So it was when Jove decided to visit Earth disguised as a peasant to discover the ways of men and bring justice to the world. Death trod the earth as man watched warily of one another. Driven by greed to raid the bowels of earth, they succumbed to avarice and murder, each taking what he could. Brother distrusted brother and stepmothers devised poison as choice desserts for their sons. Fury raged within the walls of homes and spread across the lnd as countries fought with one another, threatening to destroy the oundations of the world. In this time in Lycaeus, there lived one tyrant, Lycaon, more cruel than all the others. He had no fear of any man and less of Jove above. Inhumane, he was beastly to those who dwelt within his domain. Imprisoning men within his cells and slaying them to fill his cooking-pot, he slit their bowels and devoured their entrails. This was the feast he prepared for the ruler of the gods and so ppalled by the horror o it all, Jove struck him with a thunderbolt. His cry we hear as he stalks his prey at night now. his cloak turned to coarse hair and his legs became those of a wolf as he seeks to tear the life-blood from helpless animals with his canine teeth.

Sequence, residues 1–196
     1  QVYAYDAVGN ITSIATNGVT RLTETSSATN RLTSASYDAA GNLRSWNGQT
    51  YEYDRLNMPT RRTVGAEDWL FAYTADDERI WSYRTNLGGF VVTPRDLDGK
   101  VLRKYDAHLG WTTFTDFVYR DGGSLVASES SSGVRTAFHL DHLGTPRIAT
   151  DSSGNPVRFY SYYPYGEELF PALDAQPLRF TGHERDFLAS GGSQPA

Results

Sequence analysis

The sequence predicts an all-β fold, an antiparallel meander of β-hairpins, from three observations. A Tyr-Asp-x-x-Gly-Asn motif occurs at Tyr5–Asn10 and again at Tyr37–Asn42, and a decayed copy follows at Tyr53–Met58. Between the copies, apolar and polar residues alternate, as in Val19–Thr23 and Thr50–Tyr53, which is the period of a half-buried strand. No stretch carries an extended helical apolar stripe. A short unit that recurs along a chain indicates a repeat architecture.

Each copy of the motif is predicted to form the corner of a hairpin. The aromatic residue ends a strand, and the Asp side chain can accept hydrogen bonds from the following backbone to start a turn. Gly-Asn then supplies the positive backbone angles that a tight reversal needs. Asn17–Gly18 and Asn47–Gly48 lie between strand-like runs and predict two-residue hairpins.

So Ovid introduced the story of the werewolf into the Western world, taking it from other sources including the Trojan War. Lycaon, the son of Pelasgus entertained a wandering Zeus, cooking up a meal from one of his sons. (Apollodorus III: 8 Later the wolf tales, particularly the adaption of Romulus and Remus were brought into western literature through the Tarzan stories and Kipling's Jungle Books in a begnine manner as men run with the wolf-pack and live half-wild lives, yet always maintaining their identity as human.)

Such shape-changers originated from the east through the stories of Vikram the Vampyre which were incorporated into Apuleius, Golden Ass. Below are links for meeting with the Indian Vampyre which invaded the western world before Apuleius birth ca 130. The Gandharba-Sena, originator of the Vikram stories, lived in the century before the dawn of Christianity and with the east-west trade, his stories spread in the same manner as the Jatarka and Bidpai Tales which incorporated with the Aesop's Fables.

Dryden, transl Metamorphoses

Book 1

Kline, A. S., (poetry translation) “Ovid, The Metamorphoses